Eleuthera has always been known for it beaches, but there are lots of other things to do on Eleuthera besides visiting beaches. What may have started as a beach vacation may very well end up being the adventure vacation you’ve been looking for and that is what I’ve always loved about the island and its surrounding neighbors. You’re never going to run out of things to do.
By the way, the right answer for the number of
Things To Do
on Eleuthera should really be zero. Not that there aren’t a lot of things to do, but the best way to enjoy Eleuthera is to plan to do none and then do as many as you want. Time and time again I see visitors trying to fit everything into one trip and that’s simply not possible. If you like Eleuthera, then you’ll be back…again and again and again. In my opinion, it’s best to do Eleuthera with as little planning as possible. Wake up each morning and see which way the wind blows. That’s how we do it on Eleuthera!
For those who want to know what some of the options are please read my list below of The Best 15 Things to Do on Eleuthera.
#15 – Festivals (Homecoming, Eleuthera All that Jazz, Pineapple Fest, Junkanoo)
Depending on when you are visiting the island attending festivals could easily be the number one thing for you to do on Eleuthera. Attending one of these events could be the primary reason for the timing of your trip. All of the festivals on Eleuthera are oodles of fun and will surely be a memorable part of your vacation. The combination of good food, drink and music combine perfectly and complement the charged vibe of the crowds that attend the events. Keep your eyes on the calendar. It might make sense to time your trip to coincide with one of these events. Attending a festival could make your vacation complete! Eleuthera All that Jazz is usually in April. Pineapple Fest is in June. Junkanoo is late December. The Homecoming celebrations happen throughout the year in different settlements depending on which one is celebrating.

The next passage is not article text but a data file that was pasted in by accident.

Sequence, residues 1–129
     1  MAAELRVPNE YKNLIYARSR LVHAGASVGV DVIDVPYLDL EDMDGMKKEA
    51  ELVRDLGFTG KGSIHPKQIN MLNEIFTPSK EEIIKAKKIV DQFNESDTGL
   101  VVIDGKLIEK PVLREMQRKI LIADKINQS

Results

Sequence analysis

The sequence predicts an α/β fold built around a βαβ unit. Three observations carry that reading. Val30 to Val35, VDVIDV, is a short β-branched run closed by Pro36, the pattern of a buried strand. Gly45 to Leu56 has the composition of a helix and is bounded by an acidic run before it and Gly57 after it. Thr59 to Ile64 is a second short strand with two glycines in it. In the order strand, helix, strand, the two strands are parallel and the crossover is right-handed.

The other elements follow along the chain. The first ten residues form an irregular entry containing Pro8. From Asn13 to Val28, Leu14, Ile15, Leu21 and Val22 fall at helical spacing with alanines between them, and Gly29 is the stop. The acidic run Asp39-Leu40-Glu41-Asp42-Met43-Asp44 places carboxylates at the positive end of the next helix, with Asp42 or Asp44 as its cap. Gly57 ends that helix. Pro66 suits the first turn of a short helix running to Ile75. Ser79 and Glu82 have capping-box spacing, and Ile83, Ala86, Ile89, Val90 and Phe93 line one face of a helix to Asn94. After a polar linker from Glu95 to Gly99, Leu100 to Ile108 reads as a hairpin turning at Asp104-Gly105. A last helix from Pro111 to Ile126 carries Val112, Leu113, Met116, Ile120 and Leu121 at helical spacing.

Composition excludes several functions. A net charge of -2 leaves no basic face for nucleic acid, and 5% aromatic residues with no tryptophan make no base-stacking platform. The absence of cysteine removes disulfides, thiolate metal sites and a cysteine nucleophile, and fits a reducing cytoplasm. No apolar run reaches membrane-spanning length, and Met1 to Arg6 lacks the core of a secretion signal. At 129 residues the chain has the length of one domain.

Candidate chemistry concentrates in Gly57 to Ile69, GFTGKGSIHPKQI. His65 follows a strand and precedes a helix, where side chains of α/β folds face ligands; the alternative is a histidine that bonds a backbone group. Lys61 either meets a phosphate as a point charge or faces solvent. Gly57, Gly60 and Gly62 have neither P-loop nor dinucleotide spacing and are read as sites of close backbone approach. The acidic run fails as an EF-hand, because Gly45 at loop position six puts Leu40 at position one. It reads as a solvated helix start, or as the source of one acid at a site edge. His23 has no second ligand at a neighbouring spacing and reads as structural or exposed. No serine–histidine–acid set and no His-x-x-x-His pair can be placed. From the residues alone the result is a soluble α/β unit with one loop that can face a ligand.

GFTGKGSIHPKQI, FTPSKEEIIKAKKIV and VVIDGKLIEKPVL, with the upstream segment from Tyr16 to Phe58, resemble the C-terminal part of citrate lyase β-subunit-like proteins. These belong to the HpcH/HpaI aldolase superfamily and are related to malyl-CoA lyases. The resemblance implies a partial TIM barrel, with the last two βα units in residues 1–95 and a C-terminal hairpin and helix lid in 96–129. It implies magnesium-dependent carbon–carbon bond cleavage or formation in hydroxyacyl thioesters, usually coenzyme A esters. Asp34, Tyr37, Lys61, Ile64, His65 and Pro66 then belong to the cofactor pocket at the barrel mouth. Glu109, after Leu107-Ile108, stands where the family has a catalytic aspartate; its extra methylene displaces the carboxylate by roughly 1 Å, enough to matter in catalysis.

#14 – Ruins
The island’s ruins serve vestige to bygone eras. Rather than remove many of the old structures, they have simply remained. Dilapidated and in disrepair, many have been enshrouded by the surrounding jungle vegetation. The ruins in the southern areas of Eleuthera have more historic relevance, in my opinion, since they show off more of the primitive island architecture. They capture a different way of life than we know it now. If you can find them, the remains of buildings such as the Deal’s Town jail and the Bannerman Town Anglican Church are really interesting and historic.
More modern ruins such as the NAVFAC facility that closed in 1980 or Arnold Palmer’s Beachfront Inn are neat finds as well, but don’t have the rich heritage of the much older Bahamian buildings. If you research the old clinic in Whale Point you’ll find that it had a very checkered past making it one of the island’s more macabre ruins.
#13 – Fish Fry
The weekly Friday night Fish Fry, held at Anchor Bay in the capital settlement of Governor’s Harbour, is a vivacious outdoor street party. Good food, drink and loud music begin the evening leading to limbo contests, street dancing and lots of libationary social interaction. Due to Covid the Fish Fry has been put on hold, but once restrictions have been lifted this should be on everybody’s weekly things to do list.
#12 – Shelling
A must-do for those passionate about collecting the island shore’s free treasures, Eleuthera has so many miles of beaches that this activity could be done each day on the island. Remember to go early or at low tide, take your time, go to beaches that are less visited, of which we have quite a few, and look for wet sand. Treasure hunters are likely to find a bevy of sea glass, conch, whelk, angel wings, scallops, clams, and banded tulips to name a few. Consider picking up a copy of a shelling book such as the Bahamian Seashells guide or the Caribbean Shell Card to help identify your finds.
#11 – Scuba Diving
Since I’m a diver this always goes to the top of the list. Alas, there is not a lot of organized diving on Eleuthera, but the dives we do have are some of the best and most interesting in the world.
The best diving is found at the northern and southern extremes of the island. Any diving done mid island consist of either shallow shore diving or diving off of one’s own boat as there are no dive operators other than on Harbour Island and Cape Eleuthera. Valentine’s Dive Center is your choice for northern diving. Most of its boat dives will be done along the extensive reef system between Harbour Island and the Glass Window Bridge on Eleuthera in depths from 50′ to 100′. If you can coax them to do it, the best dive in the north is the Current Cut, which offer a series of 12 minute high speed drift dives in the channel that separates Eleuthera from Current Island.
To the south you have two dive operators that cover the Great Exuma Wall and the inshore shallow reefs. The wall drops to 6000′ and offers an amazing array of pelagics, rays, turtles and sharks. Your dive operator choices are Scuba Eleuthera or Ocean Fox. My favorite southern dives are the airplane wreck, Hole in the Wall and the Boiling Holes, which are cold fresh water springs that attract the best sea life and have the healthiest reef systems surrounding them.
#10 – Fishing (Deep Sea, Shore, Bone)